In terms of gameplay, this is where the issues start to arise. You have an item menu where you will gather various things to help progress, although most of these consist of keys to unlock doors. You might obtain some wire cutters and fuel, but not much else. Furthermore, although you can wonder around the map from pretty early on, there isn’t really any need to due to the way progression is handled. If you simply follow through the story you will visit every location anyway, therefore there is no point in trying to explore outside of the story, particularly since many of the buildings are locked until you find the right key anyway. Also, there is no puzzles to solve or similar activity to bring difficulty to the experience. You simply explore one location, find an item that will unlock another section somewhere else, rinse and repeat, it ends up feeling too linear than expected. This does sour the experience somewhat, since there is nothing else to do except finding more clues and notes to help flesh out the story and context.

While at first glance you might be mistaken to think that this is another indie horror game, that isn’t the case. The dark premise and abandoned area may provide an excellent setting for a horror experience, but Sagebrush uses these aspects in a similar way that enhances the overall tone. Wandering through the various buildings and locations is a haunting activity. While there is never any danger or jump scares, the game does a great job at building tension and a creepy atmosphere. Some smart audio design really helps in putting you on edge and the low-fi graphical style works well in building upon this chilling adventure. Doors will shut themselves behind you after a few seconds that never fails to slightly jump me and fear that someone is nearby. However, a weird audio glitch means that the sound of doors closing doesn’t lower with distance away. This means that you could open a door and be 15-20 meters away and it sounds as loud as it does close up, like it is just behind you. It’s a slight issue and quite a comical one at that. This doesn’t stop the game from having such an excellent and unnerving atmosphere.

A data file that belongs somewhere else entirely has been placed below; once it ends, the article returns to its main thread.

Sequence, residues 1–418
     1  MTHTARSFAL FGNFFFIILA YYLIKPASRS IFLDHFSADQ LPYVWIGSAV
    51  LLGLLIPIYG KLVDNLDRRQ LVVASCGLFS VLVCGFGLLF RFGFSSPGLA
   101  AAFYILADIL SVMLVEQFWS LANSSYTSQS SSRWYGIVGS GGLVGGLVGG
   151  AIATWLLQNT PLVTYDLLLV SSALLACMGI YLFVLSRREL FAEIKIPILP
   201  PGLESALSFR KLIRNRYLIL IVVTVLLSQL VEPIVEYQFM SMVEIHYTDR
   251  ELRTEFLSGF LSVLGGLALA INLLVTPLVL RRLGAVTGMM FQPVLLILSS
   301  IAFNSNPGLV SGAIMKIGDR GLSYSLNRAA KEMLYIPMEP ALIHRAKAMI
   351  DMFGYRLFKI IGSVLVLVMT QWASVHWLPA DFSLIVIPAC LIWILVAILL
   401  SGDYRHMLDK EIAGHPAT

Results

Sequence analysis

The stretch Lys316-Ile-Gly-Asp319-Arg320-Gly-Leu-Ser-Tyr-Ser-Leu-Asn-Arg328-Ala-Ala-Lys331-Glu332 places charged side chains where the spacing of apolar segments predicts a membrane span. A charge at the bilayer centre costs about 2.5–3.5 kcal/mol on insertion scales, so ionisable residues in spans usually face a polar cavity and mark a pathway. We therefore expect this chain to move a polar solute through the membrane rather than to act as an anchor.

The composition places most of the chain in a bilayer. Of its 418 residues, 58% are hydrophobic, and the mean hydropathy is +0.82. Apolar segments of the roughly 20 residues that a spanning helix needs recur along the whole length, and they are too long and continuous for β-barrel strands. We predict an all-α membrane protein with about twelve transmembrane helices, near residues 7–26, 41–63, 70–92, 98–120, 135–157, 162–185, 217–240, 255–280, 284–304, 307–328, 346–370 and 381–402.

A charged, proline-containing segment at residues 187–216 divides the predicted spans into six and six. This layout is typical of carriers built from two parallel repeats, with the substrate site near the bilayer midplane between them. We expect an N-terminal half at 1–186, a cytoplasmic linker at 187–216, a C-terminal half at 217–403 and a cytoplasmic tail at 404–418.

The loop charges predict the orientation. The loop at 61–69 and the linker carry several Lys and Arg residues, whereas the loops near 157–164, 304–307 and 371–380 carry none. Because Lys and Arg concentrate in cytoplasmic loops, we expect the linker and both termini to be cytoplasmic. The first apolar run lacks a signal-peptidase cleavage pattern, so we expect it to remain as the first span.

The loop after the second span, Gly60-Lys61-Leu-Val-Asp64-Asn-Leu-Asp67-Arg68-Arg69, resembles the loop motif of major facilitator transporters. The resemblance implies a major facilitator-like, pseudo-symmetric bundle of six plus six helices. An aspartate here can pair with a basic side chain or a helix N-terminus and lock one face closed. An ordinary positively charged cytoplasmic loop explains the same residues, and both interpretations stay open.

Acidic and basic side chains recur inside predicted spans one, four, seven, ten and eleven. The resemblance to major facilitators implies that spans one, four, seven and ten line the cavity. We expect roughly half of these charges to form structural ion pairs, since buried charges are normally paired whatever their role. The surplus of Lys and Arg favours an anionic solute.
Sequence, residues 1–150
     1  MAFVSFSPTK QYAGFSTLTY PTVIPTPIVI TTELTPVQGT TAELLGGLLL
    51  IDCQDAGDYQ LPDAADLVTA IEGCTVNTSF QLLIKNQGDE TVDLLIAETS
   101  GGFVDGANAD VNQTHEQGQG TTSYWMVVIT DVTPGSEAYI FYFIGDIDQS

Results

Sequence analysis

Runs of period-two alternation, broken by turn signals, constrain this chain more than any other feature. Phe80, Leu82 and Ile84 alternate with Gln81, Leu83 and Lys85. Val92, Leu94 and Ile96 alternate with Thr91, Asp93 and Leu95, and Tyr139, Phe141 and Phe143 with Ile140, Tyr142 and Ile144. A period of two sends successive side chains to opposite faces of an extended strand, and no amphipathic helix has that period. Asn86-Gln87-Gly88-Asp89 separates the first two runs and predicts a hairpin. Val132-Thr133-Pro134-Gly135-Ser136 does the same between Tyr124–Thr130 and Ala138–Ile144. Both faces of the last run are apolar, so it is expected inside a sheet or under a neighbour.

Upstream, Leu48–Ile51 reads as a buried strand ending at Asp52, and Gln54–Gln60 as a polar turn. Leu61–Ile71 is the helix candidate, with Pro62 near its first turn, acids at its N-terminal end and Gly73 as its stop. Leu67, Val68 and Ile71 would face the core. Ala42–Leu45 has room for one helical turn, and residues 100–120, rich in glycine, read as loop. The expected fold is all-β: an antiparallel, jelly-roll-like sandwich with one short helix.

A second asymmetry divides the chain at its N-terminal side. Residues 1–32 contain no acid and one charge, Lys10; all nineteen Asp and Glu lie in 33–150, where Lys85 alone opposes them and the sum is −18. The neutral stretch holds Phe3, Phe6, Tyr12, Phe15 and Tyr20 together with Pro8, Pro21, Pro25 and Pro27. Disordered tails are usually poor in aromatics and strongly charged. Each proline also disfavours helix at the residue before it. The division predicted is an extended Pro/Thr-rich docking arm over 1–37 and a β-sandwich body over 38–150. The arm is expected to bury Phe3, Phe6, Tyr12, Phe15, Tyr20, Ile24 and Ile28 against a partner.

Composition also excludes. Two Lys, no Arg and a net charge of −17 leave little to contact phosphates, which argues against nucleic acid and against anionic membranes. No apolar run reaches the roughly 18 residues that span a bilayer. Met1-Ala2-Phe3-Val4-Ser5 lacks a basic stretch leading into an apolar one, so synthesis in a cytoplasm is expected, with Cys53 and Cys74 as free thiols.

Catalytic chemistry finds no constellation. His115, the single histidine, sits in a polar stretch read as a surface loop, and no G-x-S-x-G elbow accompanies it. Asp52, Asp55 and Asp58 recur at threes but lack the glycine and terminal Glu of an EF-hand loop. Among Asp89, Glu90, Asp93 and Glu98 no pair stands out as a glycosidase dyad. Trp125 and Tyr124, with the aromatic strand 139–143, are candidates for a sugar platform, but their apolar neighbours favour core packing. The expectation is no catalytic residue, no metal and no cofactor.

I thoroughly enjoyed my time in this chilling mystery game. While it doesn’t really innovate in any way, and the simple gameplay may ruin the experience somewhat, Sagebrush still stands out well in the crowded genre. The dark and gruesome themes it explores are handled with care and I was kept engaged till the very end of my 2-3 hour playthrough. A great graphical style and smart audio design helped build a truly chilling adventure that kept me on edge throughout. It may not be the best game of its type I’ve played, but its intriguing story and premise made Sagebrush a short experience I would remember for some time.

Score = 7/10

Thanks for reading my review, if you enjoyed it, give it a like and consider following the blog. Let me know in the comments what you thought and if you played it, I’d love to hear. For all things gaming, stay tuned to Honest Gamer.